Wehlman realized big dreams in a small-town pharmacy



Behind the counter at M&L Pharmacy are Larry Wehlman, Debra Papp and Carrola Glass.  (Photo by Charley Wilkison)

Behind the counter at M&L Pharmacy are Larry Wehlman, Debra Papp and Carrola Glass.
(Photo by Charley Wilkison)

When Larry Wehlman was 10 years old in downtown Rowena, Texas, he decided to become a pharmacist. But it wasn’t the root beer floats or the limeades of Schiller’s Pharmacy on Main Street that prompted his career choice. Instead, it was an important job helping sick people get better. Besides that, Larry witnessed firsthand the pharmacist making the medicine right there in the back of the drug store.

“In Rowena there was a building that had the doctor’s office on one end and the pharmacy was on the other,” says the co-owner of M&L Pharmacy in Liberty Hill, “and the doctor and the pharmacist were brothers.”

Larry doesn’t remember his family being particularly compelled by his 10-year-old career choice. Besides,  it was a long way from the cotton fields of West Texas to the University of Texas at Austin where pharmacists were trained.

After graduating from Ballinger High School, Larry headed to Austin with big plans to attend UT. But first he got a job so he could pay for tuition. It was a state government office called the Texas Checking Office, which worked with insurance companies on fire claims.

“It was my first time off the farm, and all of a sudden I’m making money. As the semesters passed without Larry enrolled at UT, he found himself working for insurance companies as a field agent and drifting further and further from his original dream. As time slipped away, Larry had met a beautiful girl named Jo and got married and before he knew it he had been working in the insurance business for 15 years.

And although his life was happy and fulfilled, during moments of reflection Larry would still think he should have been a pharmacist. Finally, Jo pushed him to go chase his dream.

“She just insisted we could make it on her teaching salary and that if I waited any longer I wouldn’t ever do it,” he said. So in 1976, he enrolled at then Southwest Texas State University in San Marcos. After his freshman year, he transferred to UT and graduated from the five-year program in 1980 by attending classes all year long and working part-time jobs to help pay for his tuition.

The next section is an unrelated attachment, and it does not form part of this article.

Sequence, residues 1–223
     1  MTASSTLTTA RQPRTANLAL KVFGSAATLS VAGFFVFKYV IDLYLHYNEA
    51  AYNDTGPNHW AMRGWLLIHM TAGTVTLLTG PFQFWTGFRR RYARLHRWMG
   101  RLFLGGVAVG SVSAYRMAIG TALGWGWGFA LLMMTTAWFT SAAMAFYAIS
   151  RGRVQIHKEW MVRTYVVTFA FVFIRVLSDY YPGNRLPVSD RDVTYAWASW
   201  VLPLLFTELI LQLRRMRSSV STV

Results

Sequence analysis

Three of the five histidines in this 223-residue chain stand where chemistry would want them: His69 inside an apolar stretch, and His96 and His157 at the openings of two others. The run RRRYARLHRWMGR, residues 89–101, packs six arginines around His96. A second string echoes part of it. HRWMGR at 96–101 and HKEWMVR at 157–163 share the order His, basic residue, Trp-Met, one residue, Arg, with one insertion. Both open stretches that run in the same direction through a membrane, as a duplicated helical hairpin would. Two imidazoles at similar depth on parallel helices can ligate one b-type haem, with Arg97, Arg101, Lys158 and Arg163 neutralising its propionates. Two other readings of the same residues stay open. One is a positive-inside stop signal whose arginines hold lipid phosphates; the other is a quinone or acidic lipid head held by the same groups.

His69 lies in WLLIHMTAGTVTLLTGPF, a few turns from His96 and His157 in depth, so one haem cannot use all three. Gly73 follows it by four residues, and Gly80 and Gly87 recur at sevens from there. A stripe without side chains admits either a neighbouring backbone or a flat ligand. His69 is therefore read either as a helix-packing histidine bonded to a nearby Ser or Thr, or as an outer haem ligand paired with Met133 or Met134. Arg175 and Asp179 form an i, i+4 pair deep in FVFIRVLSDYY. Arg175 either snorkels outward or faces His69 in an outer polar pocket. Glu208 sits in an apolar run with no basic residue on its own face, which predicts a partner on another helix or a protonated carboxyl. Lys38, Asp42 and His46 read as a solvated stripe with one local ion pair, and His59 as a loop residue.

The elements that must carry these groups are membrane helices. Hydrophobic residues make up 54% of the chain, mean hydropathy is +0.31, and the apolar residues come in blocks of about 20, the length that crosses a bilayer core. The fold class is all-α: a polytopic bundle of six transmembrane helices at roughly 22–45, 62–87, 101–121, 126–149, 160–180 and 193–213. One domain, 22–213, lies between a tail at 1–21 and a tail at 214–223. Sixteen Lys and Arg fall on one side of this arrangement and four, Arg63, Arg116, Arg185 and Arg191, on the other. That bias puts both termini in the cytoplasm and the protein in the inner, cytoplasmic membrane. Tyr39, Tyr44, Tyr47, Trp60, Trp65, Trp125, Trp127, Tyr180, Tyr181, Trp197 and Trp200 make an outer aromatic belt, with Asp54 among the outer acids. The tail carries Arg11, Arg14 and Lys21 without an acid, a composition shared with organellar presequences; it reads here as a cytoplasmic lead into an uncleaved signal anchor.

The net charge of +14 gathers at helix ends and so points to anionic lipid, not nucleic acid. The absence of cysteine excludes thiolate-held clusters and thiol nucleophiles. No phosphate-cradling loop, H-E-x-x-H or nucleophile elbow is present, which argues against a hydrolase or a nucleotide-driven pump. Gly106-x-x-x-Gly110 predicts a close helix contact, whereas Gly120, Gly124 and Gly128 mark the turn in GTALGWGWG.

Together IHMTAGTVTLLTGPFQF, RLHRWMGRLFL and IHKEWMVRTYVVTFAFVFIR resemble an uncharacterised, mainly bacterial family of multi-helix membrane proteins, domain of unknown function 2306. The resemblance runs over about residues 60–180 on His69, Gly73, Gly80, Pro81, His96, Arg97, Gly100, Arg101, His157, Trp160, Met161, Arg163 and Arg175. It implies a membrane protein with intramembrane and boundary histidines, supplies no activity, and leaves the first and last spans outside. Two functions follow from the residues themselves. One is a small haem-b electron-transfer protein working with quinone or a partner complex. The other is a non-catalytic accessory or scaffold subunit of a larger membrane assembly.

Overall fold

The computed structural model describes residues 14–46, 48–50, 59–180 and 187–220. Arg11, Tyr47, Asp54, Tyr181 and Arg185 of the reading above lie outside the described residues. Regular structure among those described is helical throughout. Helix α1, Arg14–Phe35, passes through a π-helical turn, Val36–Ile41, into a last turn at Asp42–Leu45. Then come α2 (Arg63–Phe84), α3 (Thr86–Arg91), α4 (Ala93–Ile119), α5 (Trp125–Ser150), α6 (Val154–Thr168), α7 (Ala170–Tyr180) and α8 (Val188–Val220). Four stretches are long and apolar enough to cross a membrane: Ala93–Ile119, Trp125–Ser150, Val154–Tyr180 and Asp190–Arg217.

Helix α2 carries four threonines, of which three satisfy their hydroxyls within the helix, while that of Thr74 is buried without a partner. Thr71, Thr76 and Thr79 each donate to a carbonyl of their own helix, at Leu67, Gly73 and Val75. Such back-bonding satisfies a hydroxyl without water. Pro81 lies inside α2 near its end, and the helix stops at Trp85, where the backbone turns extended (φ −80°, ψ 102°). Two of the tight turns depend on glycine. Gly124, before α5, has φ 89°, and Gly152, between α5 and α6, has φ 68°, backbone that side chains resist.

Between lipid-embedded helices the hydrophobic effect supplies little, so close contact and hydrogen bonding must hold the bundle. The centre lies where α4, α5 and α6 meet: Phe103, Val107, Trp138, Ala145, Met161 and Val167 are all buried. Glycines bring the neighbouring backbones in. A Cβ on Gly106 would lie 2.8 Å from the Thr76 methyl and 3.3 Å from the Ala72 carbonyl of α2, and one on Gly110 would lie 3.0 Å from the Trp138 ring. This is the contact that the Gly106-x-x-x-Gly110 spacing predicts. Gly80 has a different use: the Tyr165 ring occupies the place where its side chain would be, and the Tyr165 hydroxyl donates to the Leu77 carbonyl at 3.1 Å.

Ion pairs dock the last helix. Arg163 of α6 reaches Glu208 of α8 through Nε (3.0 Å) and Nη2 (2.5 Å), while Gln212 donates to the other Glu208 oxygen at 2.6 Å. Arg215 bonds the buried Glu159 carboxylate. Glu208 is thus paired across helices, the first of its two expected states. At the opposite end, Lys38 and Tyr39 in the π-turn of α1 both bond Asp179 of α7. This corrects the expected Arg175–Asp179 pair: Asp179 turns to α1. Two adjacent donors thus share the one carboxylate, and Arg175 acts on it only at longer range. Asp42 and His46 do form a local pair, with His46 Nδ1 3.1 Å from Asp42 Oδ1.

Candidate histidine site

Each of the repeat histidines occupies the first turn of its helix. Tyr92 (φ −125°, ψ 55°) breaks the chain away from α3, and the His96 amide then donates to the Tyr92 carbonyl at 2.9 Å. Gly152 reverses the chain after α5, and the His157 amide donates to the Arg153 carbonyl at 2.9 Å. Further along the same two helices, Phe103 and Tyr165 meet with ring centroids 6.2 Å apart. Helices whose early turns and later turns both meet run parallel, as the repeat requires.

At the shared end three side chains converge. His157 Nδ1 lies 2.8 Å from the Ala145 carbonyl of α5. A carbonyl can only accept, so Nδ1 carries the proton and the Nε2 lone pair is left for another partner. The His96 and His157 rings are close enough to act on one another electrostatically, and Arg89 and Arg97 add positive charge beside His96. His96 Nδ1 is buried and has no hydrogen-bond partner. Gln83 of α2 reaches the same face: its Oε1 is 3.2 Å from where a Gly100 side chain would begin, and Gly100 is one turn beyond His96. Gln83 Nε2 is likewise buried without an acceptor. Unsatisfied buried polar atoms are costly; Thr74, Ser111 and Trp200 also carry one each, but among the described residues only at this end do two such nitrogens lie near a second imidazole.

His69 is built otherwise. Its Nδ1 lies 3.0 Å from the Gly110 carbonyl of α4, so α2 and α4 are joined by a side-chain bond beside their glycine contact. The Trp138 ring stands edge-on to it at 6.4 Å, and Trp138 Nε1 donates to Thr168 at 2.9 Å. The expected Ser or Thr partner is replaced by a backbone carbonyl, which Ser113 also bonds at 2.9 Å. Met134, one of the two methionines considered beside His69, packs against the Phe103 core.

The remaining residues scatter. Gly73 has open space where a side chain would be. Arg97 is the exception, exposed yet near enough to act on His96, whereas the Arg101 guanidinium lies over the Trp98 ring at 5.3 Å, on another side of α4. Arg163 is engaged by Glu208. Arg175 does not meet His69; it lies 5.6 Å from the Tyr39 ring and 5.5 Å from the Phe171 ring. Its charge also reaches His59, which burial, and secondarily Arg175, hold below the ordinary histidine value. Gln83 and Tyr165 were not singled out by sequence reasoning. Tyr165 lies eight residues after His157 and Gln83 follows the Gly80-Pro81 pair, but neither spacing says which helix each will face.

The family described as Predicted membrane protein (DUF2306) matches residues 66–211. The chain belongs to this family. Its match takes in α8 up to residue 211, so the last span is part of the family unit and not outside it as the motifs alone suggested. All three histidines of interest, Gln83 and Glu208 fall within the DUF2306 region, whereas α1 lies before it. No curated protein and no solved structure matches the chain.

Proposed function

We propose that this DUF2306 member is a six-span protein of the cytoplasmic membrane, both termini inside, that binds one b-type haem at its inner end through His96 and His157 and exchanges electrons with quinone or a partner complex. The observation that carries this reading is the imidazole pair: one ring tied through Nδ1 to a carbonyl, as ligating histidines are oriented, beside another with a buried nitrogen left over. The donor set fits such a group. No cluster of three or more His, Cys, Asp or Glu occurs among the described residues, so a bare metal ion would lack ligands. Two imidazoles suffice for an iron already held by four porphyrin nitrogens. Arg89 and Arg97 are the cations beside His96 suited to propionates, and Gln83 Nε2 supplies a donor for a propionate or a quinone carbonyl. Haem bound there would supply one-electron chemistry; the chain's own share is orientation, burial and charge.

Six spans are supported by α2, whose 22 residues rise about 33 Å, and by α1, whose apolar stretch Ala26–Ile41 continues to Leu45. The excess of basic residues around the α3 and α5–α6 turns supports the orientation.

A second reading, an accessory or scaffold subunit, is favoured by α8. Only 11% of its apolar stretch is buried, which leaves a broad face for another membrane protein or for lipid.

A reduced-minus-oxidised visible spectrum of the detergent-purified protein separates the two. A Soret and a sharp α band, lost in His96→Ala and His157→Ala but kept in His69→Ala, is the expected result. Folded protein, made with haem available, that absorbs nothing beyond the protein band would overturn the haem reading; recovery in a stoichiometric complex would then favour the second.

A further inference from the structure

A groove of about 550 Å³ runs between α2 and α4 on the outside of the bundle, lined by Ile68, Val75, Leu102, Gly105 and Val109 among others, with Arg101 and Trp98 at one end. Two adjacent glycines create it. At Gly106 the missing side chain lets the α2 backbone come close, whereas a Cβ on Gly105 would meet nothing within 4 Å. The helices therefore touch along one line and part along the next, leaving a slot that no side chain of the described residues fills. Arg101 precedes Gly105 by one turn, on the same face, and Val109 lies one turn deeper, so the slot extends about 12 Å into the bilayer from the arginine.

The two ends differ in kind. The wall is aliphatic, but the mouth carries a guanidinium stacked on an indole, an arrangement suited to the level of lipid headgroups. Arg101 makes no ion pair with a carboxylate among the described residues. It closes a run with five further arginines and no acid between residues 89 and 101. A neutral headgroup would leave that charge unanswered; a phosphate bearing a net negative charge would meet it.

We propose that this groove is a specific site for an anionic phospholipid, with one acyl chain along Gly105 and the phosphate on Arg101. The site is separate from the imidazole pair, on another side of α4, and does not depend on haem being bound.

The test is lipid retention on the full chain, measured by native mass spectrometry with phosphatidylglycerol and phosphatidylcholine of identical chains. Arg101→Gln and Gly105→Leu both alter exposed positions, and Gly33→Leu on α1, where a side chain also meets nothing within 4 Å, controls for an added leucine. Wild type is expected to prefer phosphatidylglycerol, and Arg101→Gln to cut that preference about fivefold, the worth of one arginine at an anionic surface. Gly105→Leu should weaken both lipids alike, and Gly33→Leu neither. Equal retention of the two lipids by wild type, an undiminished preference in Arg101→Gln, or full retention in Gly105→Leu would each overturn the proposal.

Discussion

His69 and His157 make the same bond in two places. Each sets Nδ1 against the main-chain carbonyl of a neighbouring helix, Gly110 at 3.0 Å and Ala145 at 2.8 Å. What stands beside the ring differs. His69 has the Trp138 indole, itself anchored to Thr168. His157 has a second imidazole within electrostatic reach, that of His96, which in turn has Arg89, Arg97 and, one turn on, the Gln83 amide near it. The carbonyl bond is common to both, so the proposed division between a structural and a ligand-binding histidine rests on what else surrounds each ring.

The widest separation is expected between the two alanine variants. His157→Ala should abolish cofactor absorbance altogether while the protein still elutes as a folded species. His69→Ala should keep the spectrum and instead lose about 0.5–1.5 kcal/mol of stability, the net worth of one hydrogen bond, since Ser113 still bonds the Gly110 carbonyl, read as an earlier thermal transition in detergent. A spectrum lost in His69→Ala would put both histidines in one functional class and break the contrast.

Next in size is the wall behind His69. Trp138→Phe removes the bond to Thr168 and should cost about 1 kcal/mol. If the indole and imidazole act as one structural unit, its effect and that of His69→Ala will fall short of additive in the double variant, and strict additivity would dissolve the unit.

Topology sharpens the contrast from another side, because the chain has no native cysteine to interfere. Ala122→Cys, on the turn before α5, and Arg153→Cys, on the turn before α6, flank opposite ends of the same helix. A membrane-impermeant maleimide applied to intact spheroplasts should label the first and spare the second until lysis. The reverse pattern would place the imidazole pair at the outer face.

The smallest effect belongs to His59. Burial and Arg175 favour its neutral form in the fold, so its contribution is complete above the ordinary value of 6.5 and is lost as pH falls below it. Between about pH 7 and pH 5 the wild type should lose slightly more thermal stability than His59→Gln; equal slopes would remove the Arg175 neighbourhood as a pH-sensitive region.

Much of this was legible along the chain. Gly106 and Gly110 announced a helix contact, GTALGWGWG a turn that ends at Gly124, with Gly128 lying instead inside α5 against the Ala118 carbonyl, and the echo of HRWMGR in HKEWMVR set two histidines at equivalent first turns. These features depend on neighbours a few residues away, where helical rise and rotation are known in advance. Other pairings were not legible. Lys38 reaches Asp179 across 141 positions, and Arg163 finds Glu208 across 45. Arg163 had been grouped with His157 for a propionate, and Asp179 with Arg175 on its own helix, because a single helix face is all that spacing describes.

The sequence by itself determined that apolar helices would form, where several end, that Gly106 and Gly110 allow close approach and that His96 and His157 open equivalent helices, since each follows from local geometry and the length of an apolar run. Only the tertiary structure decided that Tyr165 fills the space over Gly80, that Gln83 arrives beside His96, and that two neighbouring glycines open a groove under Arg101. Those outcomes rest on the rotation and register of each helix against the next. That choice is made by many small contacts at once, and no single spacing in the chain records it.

Larry went to work as a bona-fide pharmacist with Eckerd Drug in Austin. Later, he was transferred to Round Rock, then Georgetown where he met another pharmacist, Darrell “Mo” Moellenberndt, who worked at the only chain pharmacy in Georgetown — the Austin Avenue Eckerd’s Drug Store.

“It seemed like we were working day and night. There were more customers than there were hours in the day,” Larry said.

Larry and Mo decided that what Georgetown really needed was another pharmacy. Everyone liked them, surely the customers would follow their favorite pharmacists across town to a new store.

In 1985, the two friends opened the original M&L Pharmacy. They were barely in business when a new Medicine Shoppe pharmacy opened as well as the first HEB pharmacy. Larry and Mo discovered that the stream of customers switching drug stores didn’t happen quite like they had planned.

“Suddenly, there was competition everywhere,” Larry said. “We had made it as an independent drug store in Georgetown for three years.”

Jo was teaching second grade in Liberty Hill and they had built a home in Durham Park.

“We just decided to pack up and move to Liberty Hill where we knew the rent would be cheaper and there wouldn’t be any competition. It was the best move we ever made,” he said.

It was 1988 when they opened the original M&L Pharmacy in downtown Liberty Hill, later moving to their current location at 14871 W. State Highway 29 in 1990.

Sadly, his wife Jo passed away in 1994, but she lived to see her husband fulfill his dream and witness the pharmacy becoming financially successful. In 25 years, Larry and Mo have filled a lot of prescriptions, met a lot of families and become a local institution.

Larry feels very positive about the future of Liberty Hill and local businesses.

“From 1999 to 2008, we saw the local economy boom,” Larry said, “From ’08 to the present we haven’t seen the same level of rapid growth, but I think once the sewage lines are connected we’ll see lots more business moving in.”

Larry believes that will be a good thing overall for the citizens of Liberty Hill even though it will mean M&L will see more competition.

“CVS has already bought property, so the competitors will come,” he says with a grin that indicates he’s not worried. “We’re already in our third generation of serving Liberty Hill folks and those that want the person-to-person service will stay with us.”

Larry said he met a wonderful woman named Mary Chapman and re-married in 1998. She is a local girl who graduated from Liberty Hill High School. She recently retired after 40-plus years as a secretary in the Georgetown ISD. His daughter is grown and married and he has two granddaughters to brag about.

Being a pharmacist was Larry’s dream and he says it’s good.

“You know that feeling of being able to help someone in need, helping people get well and live their lives? We get to do that every day,” he says.

And when it doesn’t go well for the patient?

“Well, you feel the sorrow when someone gets seriously ill. We become so close to our customers, they’re right here,” he said.

Larry says he knew what he wanted to do and what he did not want to do.

“ I knew I didn’t want to pull that cotton sack up and down the rows,” he says, remembering. “I didn’t want to spend my life chopping cotton or picking it either.

“I guess it’s all turned out pretty good,” he said.